Take a trip 3,000 years back in time to Ancient Egypt on a luxury Nile cruise. Float past highlights including the Valley of the Kings, home to the tomb of Tutankhamun, the Colossi of Memnon and the Karnak Temple.
You can now book an exclusive adventure with Culture Trip to take in all these sights and more on our specially curated 10-day Egypt adventure, led by our local insider.
Embrace the joy of slow travel with a traditional cruise down the River Nile. The stretch between Luxor and Aswan is the most popular route for good reason. It’s the best way to see the most extraordinary monuments from Ancient Egypt. Here, we’ve selected the key sights you won’t want to miss. Get ready to play your most memorable game of I Spy.
A Nile cruise staple has to be the Valley of the Kings on the west bank, near Luxor. It has been the site of royal burials since around 2100BCE and is famously home to the tomb of Tutankhamun. Head underground to discover the boy king’s glittering sarcophagus, alongside the tombs of Seti I and Ramses II. Over the years, the tombs have suffered from floods, treasure hunters and, most recently, humidity produced by hot and sweaty tourists. Bring a fan!
It’s impossible not to notice the Colossi of Memnon on the west bank from the comfort of your Nile cruise. It consists of two enormous 18m-high (60ft) stone statues of the pharaoh Amenhotep III, who reigned in Egypt during the 18th Dynasty of Egypt. Since 1350BCE, they have stood in the Theban Necropolis, located near the city of Luxor. The statues are faceless, which gives them a rather eerie quality. Tourists have been visiting since Greco-Roman times, when people believed hearing the whistling sound emitted by the northern statue at sunrise was good luck.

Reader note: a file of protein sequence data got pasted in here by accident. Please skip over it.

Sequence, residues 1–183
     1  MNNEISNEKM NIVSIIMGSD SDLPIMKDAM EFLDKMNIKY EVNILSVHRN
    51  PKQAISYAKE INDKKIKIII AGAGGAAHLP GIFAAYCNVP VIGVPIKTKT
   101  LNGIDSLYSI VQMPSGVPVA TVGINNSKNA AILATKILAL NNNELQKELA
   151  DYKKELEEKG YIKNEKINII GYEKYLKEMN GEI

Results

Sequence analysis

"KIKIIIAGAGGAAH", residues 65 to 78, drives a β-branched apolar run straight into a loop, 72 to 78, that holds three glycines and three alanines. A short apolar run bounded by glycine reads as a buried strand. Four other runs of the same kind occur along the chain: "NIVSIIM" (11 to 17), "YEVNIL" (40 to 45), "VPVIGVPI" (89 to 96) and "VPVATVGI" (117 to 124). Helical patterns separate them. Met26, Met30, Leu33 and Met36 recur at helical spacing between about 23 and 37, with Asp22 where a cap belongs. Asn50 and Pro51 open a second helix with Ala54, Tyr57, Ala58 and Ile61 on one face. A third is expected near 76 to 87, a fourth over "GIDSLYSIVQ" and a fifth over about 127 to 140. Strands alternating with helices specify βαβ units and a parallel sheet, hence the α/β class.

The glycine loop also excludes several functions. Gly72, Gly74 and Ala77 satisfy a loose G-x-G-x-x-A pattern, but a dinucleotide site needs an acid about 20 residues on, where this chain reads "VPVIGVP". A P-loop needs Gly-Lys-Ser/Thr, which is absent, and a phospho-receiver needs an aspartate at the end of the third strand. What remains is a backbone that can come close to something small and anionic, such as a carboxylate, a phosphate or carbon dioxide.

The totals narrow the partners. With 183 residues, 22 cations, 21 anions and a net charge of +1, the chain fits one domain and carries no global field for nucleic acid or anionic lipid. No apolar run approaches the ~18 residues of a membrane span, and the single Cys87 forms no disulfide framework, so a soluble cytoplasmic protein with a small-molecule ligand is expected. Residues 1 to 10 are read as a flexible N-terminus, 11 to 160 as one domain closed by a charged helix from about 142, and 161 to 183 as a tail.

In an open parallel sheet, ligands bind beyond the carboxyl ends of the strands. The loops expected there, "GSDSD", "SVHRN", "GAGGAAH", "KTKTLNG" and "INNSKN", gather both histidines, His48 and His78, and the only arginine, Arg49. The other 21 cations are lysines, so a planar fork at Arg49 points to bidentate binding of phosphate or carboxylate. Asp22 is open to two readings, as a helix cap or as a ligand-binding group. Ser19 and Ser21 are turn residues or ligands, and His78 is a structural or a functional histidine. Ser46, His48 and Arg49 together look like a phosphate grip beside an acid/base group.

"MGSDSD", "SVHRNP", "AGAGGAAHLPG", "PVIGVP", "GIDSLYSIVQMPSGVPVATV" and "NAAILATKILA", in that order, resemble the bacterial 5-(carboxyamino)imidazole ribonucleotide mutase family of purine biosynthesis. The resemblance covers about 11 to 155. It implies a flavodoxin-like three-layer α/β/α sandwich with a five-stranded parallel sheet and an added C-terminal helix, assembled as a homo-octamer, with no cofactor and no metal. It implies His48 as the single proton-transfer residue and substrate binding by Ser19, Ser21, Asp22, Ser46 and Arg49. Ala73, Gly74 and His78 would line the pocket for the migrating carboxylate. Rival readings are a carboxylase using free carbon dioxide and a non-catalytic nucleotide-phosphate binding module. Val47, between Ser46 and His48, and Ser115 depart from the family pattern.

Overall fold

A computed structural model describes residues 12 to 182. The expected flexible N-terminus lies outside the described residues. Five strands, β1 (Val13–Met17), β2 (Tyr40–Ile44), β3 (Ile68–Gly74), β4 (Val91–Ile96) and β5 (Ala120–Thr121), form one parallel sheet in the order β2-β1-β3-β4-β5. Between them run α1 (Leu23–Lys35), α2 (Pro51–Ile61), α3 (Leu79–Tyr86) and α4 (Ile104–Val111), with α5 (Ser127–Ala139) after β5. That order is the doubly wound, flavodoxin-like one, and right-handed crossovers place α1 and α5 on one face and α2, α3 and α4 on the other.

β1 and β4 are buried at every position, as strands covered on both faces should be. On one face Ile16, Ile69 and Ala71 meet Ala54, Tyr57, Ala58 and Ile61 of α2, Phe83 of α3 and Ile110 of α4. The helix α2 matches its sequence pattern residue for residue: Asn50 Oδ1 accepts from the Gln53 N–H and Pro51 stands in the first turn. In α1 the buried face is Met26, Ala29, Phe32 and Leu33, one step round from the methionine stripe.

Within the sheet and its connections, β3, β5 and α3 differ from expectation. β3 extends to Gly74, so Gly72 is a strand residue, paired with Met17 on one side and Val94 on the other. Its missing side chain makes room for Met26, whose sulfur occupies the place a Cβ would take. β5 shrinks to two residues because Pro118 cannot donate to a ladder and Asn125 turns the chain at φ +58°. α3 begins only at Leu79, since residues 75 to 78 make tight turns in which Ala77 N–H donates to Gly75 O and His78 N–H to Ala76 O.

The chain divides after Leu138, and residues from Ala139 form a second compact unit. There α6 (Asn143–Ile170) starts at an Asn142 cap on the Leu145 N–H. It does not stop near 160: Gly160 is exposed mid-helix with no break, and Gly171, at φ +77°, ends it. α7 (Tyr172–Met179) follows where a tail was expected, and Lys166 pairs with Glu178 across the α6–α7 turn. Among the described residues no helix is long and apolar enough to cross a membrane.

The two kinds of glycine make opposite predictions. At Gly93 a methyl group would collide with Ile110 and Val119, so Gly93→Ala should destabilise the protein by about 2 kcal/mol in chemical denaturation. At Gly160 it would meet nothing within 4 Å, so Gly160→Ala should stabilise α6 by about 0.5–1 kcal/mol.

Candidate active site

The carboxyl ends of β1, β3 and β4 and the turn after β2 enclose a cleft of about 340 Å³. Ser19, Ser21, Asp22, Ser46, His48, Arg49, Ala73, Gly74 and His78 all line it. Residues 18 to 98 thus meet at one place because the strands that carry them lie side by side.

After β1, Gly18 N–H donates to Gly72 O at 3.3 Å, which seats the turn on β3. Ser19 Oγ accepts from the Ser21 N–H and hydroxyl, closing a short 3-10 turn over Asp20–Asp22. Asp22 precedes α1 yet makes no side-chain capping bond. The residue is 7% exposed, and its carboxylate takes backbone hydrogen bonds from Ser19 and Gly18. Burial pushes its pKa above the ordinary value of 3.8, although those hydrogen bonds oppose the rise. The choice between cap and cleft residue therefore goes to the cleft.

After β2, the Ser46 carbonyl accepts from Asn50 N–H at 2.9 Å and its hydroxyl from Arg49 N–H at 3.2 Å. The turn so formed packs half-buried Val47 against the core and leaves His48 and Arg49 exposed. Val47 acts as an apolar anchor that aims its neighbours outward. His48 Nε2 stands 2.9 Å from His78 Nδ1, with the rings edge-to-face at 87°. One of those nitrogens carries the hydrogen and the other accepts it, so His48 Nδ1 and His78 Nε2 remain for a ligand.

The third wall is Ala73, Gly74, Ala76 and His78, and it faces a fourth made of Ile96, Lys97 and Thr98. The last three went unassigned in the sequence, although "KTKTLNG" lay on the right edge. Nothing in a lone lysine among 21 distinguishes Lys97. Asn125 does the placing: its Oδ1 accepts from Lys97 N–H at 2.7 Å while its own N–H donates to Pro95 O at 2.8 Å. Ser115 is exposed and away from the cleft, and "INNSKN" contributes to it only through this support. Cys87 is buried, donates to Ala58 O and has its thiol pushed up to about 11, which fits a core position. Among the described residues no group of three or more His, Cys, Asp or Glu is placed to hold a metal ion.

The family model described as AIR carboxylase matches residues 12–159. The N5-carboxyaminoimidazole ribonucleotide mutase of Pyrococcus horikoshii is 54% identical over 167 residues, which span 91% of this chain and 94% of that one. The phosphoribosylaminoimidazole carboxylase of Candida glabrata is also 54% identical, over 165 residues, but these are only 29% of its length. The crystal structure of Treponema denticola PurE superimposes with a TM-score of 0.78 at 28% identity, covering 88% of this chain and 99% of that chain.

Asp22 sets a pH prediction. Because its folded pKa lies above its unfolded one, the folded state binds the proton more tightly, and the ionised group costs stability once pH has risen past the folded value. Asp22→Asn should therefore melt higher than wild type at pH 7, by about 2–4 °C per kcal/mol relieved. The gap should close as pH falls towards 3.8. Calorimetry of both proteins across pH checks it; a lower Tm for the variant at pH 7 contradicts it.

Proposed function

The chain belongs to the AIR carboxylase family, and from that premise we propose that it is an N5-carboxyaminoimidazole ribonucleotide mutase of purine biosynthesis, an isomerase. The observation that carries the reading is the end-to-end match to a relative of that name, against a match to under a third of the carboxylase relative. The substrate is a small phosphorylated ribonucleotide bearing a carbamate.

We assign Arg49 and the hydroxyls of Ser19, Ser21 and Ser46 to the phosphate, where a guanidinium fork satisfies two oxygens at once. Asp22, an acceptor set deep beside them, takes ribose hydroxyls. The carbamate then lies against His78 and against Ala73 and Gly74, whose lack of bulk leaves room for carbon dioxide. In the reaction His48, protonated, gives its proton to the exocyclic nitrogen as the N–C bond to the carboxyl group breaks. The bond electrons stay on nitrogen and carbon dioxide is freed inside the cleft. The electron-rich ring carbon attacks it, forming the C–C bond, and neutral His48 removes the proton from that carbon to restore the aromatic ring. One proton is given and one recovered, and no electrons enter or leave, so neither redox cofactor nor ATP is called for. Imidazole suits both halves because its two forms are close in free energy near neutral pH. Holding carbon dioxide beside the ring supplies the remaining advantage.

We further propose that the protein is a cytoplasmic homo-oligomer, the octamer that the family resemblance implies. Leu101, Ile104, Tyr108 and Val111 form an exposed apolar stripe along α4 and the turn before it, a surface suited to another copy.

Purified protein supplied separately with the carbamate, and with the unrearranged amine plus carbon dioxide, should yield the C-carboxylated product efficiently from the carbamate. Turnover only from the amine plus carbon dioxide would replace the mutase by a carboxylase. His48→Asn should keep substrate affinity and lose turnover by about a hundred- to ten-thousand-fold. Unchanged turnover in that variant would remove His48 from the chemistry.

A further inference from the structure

There are actually three main temples in this mother of all sacred buildings, the largest religious site in the world. More than 3,000 years after it was first built, it remains one of the most awe-inspiring ruined temples in Egypt, with pylons, sacred lakes and chapels spread over 200 acres (81ha). At its heart is the Temple of Amun. The Luxor and Karnak temples were once linked by a grandiose 3km-long (1.9mi) avenue lined with sphinxes.
For a truly authentic shopping experience, head to the main souq (street market) in Luxor. It runs along a narrow pedestrian street, with tiny shops and cafes jutting off it. Here, you’ll find everything from dazzling jewellery to rose petals and red glossy apples. Be sure to venture beyond the tourist bazaar just off Sharia Al Mahatta, where locals shop for fabrics and groceries. The souq is open daily from 7am until midnight; it’s at its liveliest in the early evening.
This is the second-largest temple after Karnak, and it took 180 years to build it. The sandstone Edfu temple is located on high ground above the broad river valley on the west bank of the Nile. It escaped destruction from Nile floods and is now one of the best-preserved monuments in Egypt. Among its main highlights are the imposing Hypostyle Hall and a small chapel called the “birth house”. Today, the town of Edfu thrives on sugar and pottery trades.